Ferrari President Luca di Montezemolo has again launched an attack on the Formula 1 2010 newcomers that he declared ‘shouldn’t be allowed to participate’ at the uppermost level and should rather be racing ‘on Sunday mornings’ in GP2 – after an angry Fernando Alonso contended that a pair of tardy back-markers deprived him of win in last weekend’s Canadian GP.
Alonso argued that he was disallowed from jumping McLaren-Mercedes rival and previous team-mate Lewis Hamilton for the lead mid-race, and the dual Formula 1 World Champion was later overhauled for second place in the final stages by the sister McLaren of Jenson Button – going on to blame traffic for both losses.
On the first event, the Spaniard found himself detained up behind the Lotus of Jarno Trulli – who insisted that no blue flags were waved at him – as he approached his second pit-stop flat-out in his effort to snatch the advantage from Hamilton, and he later caught Hispania Racing (HRT) rookie Karun Chandhok at a bad moment, enabling Button to pounce.
“If Trulli hadn’t slowed me down I would have done it,” the Oviedo native lamented of his erstwhile Renault team-mate. “I lost two-and-a-half seconds, and when I came out of the pits I saw Hamilton ahead. Without traffic, I would have had the lead.”
Those sentiments have been echoed by di Montezemolo, who like Ferrari in general has rarely missed an opportunity this year to slate the efforts and performances of the new teams – and has been a constant advocate of having three-car outfits run by the sport’s grandees, rather than unprepared, low-budget newcomers who languish seconds shy of the front-running pace.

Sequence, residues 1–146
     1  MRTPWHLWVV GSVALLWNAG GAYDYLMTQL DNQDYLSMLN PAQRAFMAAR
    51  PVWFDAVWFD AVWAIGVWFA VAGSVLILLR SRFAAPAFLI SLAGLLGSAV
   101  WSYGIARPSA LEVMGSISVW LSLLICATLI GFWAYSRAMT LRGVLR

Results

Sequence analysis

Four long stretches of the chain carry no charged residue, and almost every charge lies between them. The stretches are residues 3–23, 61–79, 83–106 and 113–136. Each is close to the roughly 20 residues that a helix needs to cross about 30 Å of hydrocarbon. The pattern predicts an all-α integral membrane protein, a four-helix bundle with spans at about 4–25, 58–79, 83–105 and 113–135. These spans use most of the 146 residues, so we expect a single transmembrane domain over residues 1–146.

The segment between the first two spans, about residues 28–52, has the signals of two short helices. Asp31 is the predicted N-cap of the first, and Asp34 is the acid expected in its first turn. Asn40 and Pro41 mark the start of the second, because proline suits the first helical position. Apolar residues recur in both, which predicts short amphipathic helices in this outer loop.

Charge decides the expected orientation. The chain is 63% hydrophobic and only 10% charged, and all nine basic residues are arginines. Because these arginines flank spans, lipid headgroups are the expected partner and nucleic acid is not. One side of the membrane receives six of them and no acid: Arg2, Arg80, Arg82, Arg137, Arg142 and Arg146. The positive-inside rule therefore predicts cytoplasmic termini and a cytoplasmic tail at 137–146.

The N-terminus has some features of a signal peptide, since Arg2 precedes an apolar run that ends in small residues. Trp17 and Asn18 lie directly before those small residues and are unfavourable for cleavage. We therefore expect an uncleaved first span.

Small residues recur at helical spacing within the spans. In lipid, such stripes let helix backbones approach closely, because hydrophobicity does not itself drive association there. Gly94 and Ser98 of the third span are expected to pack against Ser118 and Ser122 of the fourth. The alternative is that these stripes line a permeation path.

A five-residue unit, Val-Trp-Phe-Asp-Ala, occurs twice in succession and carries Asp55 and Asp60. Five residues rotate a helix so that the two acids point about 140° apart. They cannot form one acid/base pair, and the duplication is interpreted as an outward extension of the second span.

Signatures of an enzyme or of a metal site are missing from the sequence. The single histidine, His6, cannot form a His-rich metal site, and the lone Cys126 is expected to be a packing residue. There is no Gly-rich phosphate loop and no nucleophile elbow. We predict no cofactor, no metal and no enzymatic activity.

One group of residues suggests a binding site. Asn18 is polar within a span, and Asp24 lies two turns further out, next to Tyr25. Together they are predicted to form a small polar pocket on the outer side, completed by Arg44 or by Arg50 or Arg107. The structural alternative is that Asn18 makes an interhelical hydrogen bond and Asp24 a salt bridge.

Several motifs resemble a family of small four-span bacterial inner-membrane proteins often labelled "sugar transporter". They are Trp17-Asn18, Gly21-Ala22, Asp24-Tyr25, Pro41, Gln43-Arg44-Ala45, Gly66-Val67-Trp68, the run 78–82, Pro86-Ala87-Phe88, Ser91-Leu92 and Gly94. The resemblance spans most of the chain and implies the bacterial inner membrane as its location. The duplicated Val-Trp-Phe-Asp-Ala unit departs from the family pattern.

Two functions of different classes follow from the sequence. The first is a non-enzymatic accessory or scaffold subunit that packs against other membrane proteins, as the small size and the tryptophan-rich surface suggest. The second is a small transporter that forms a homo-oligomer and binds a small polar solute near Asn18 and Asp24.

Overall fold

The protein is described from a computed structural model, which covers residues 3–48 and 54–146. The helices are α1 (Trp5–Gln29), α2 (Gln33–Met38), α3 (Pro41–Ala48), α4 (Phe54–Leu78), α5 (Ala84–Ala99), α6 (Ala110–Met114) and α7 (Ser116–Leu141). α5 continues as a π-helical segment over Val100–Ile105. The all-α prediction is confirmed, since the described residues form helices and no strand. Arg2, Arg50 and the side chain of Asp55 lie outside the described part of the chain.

“Our car had the pace to win [in Montreal],” the Italian railed in an interview with La Gazzetta dello Sport. “I hope in the future there are no more errors in lapping cars which are to our disadvantage. In modern F1 races, cars with GP2-levels of performance shouldn’t be allowed to participate — they are supposed to race on Sunday mornings.”
It is believed that HRT’s budget for its maiden campaign of top flight competition is in the region of ten times smaller than that of Ferrari, and another new entrant is set to join the fray in 2011 – but it is undeniable that Lotus, Virgin and Hispania have all made solid progress over the opening eight outings of 2010.
Heikki Kovalainen got to barely two tenths of a second of the Sauber of Kamui Kobayashi in qualifying in Canada, and Lotus team principal Tony Fernandes has repeatedly called for the blue flag rule when a car is being lapped in F1 to be controversially abandoned. Motorsport website Italiaracing, meanwhile, has noted that ‘the only complaints this season about the smaller teams have come from Ferrari’.